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September 13, 2012
SBLT Sarah West
NAVY photographers usually avoid the spotlight,
preferring to capture events from behind the lens.
However, the exceptional efforts of ABIS
Morganna Ramsey have thrust her into the spot-
AB Ramsey's positive attitude, dedication to
task and enthusiasm throughout 2011 attract-
ed high praise from Navy's senior leaders, who
named her in Navy's top 100 achievers of its cen-
Her exemplary performance was also recog-
nised by her unit, HMAS Stirling, which awarded
her its Sailor of the Year prize, an accolade which
ABIS Ramsey did not take lightly.
"I was very surprised. I was actually rath-
er shocked and didn't really know what to say,
which was a first was for me!" she said.
"Apart from the surprise, it was a very proud
moment. It was the pinnacle of all the hard work
and great experiences that have made me proud to
serve in the Navy during the past 10 years."
In her off duty hours, the award-winning image-
ry specialist, who is also studying part-time for a
communications degree at the University of Western
Australia, still refuses to put the camera down.
"I just love photography in general," she said.
"There is always something new and someone
new to meet. Every person has a unique story, and
every photograph should tell a story.
"I think I'll always be behind a camera in one
way or another. This path has given me so many
opportunities already; all the travelling and the
amazing people I have met, and the biggest high-
light -- meeting my husband in the Navy."
ABIS Ramsey has accumulated a lot of war
stories in her 10-year Navy career.
She deployed to the Middle East on two occa-
sions, first in 2003 for Operation Falconer, and
then again in 2004 for Operation Catalyst.
ABIS Ramsey has served in HMA
Ships Manoora, Adelaide, Darwin, Sydney,
Warramunga and Ballarat.
"I've been to every major city in Australia and
CMDR Jennifer Wittwer
A BREAKFAST to launch a campaign
for mothers in East Timor has been
attended by three Navy personnel in
At the breakfast for the Alola
Foundation, the former first lady of
East Timor, Kirsty Sword Gusmão,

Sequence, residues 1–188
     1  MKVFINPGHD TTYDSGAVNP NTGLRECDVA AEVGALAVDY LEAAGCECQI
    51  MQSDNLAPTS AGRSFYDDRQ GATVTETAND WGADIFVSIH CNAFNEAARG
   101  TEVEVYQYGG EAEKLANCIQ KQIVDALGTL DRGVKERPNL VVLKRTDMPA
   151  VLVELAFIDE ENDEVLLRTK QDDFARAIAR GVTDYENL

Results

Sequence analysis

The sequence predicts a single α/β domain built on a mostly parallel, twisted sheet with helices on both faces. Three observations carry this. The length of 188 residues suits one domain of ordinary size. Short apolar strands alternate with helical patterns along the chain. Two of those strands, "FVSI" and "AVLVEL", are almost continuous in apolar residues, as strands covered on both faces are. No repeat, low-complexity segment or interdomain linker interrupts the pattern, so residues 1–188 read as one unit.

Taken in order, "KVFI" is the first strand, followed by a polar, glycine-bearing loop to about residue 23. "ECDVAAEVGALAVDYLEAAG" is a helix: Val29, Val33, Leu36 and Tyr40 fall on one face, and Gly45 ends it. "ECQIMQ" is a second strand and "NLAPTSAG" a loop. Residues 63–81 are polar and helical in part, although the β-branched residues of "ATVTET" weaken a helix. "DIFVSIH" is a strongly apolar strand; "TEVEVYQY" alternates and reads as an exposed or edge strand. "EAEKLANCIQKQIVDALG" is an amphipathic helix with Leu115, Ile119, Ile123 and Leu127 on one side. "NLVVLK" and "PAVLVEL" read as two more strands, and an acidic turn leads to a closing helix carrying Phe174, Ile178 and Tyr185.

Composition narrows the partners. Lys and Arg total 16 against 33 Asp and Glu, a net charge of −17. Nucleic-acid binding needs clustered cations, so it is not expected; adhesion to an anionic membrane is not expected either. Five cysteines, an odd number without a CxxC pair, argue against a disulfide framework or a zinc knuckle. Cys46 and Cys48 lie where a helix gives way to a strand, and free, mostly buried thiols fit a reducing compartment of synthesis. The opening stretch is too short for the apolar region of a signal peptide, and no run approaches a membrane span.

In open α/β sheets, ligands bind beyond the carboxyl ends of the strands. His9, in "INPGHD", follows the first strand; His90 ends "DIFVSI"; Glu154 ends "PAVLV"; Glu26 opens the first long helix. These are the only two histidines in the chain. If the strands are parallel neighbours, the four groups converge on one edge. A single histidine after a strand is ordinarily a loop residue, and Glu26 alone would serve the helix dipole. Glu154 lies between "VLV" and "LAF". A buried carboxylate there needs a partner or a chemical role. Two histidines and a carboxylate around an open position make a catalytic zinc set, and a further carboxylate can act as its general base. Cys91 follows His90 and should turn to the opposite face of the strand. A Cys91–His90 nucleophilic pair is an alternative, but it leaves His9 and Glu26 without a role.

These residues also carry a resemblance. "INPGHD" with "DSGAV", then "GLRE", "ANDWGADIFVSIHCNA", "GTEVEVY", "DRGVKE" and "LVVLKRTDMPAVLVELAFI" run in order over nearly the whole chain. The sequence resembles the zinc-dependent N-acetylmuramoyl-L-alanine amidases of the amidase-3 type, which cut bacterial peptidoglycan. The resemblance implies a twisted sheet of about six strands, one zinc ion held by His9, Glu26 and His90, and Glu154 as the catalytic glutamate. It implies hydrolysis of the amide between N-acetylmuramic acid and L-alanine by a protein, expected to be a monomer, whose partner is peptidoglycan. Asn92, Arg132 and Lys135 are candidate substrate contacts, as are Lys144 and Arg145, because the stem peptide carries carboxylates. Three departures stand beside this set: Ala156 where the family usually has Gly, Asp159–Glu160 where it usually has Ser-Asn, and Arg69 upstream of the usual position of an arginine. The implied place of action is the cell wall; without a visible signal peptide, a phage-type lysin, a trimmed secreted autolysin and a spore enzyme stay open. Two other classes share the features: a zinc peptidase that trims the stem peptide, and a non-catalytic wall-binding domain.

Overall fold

launched the MILK (Mothers In Timor-
Leste) campaign. The guest of honour
was Governor-General Quentin Bryce.
The Alola Foundation, estab-
lished by Ms Gusmão in 2001, works
to improve the lives of women and
children in East Timor by creating
employment and improving educa-
tion opportunities, promoting human
rights, preserving culture and improv-
ing the maternal health and well-being
of women and children.
The MILK campaign encourages
East Timor women to give birth with
appropriate medical support and pro-
vides community-based health support
CMDR Jennifer Wittwer, LS Kristy
Bates and LS Trish Dollisson attended
"The breakfast was an amazing
experience, and a definite highlight of
my year," LS Bates said.
"It has and will continue to further
inspire my belief in gender equality
and strengths of all women, and our
ability to use positive influence in and
across society and cultures.
"This event has cemented my belief
in the Navy women's leadership pro-
gram, which I will continue to foster
within and external to my workplace."
Information about the Alola Foundation
or MILK campaign,can be found at www.
in focus Top shot in top 100
many remote areas including the Stirling Ranges
and the Kimberley," she said.
"I have also been to South-East Asia a lot; to
Singapore, Malaysia, Cambodia, and Indonesia.
And, of course, to Hawaii."
Last year was particularly busy for ABIS
Ramsey, who was deployed to Western Australia's
north to support clean-up efforts after the region
was ravaged by floods.
Throughout the year, she also photographed a
wide range of VIPs who visited Stirling, including
Prime Minister Julia Gillard, Defence Minister
Stephen Smith, and a raft of foreign politicians
and military representatives.
She also worked long hours with AUSCDT-4
to record and document the hectic training sched-
ule of the elite Navy diver unit.
IN FOCUS: ABIS Morgana Ramsey with
equipment in hand ready to capture the action at
Photos: LSIS Nina Fogliani
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